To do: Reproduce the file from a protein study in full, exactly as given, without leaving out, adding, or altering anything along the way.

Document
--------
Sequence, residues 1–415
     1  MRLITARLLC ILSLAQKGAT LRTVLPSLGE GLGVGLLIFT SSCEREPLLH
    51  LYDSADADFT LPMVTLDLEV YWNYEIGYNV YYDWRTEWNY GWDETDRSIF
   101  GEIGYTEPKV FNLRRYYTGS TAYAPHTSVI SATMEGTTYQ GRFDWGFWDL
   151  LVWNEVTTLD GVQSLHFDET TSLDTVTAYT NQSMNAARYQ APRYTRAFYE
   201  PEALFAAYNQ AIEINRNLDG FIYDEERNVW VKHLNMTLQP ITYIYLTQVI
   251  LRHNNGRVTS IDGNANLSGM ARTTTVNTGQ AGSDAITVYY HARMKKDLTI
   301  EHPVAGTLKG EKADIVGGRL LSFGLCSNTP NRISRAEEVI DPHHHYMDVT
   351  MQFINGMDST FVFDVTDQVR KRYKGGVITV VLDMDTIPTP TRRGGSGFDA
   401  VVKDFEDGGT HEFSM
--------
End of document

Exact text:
Sequence, residues 1–415
     1  MRLITARLLC ILSLAQKGAT LRTVLPSLGE GLGVGLLIFT SSCEREPLLH
    51  LYDSADADFT LPMVTLDLEV YWNYEIGYNV YYDWRTEWNY GWDETDRSIF
   101  GEIGYTEPKV FNLRRYYTGS TAYAPHTSVI SATMEGTTYQ GRFDWGFWDL
   151  LVWNEVTTLD GVQSLHFDET TSLDTVTAYT NQSMNAARYQ APRYTRAFYE
   201  PEALFAAYNQ AIEINRNLDG FIYDEERNVW VKHLNMTLQP ITYIYLTQVI
   251  LRHNNGRVTS IDGNANLSGM ARTTTVNTGQ AGSDAITVYY HARMKKDLTI
   301  EHPVAGTLKG EKADIVGGRL LSFGLCSNTP NRISRAEEVI DPHHHYMDVT
   351  MQFINGMDST FVFDVTDQVR KRYKGGVITV VLDMDTIPTP TRRGGSGFDA
   401  VVKDFEDGGT HEFSM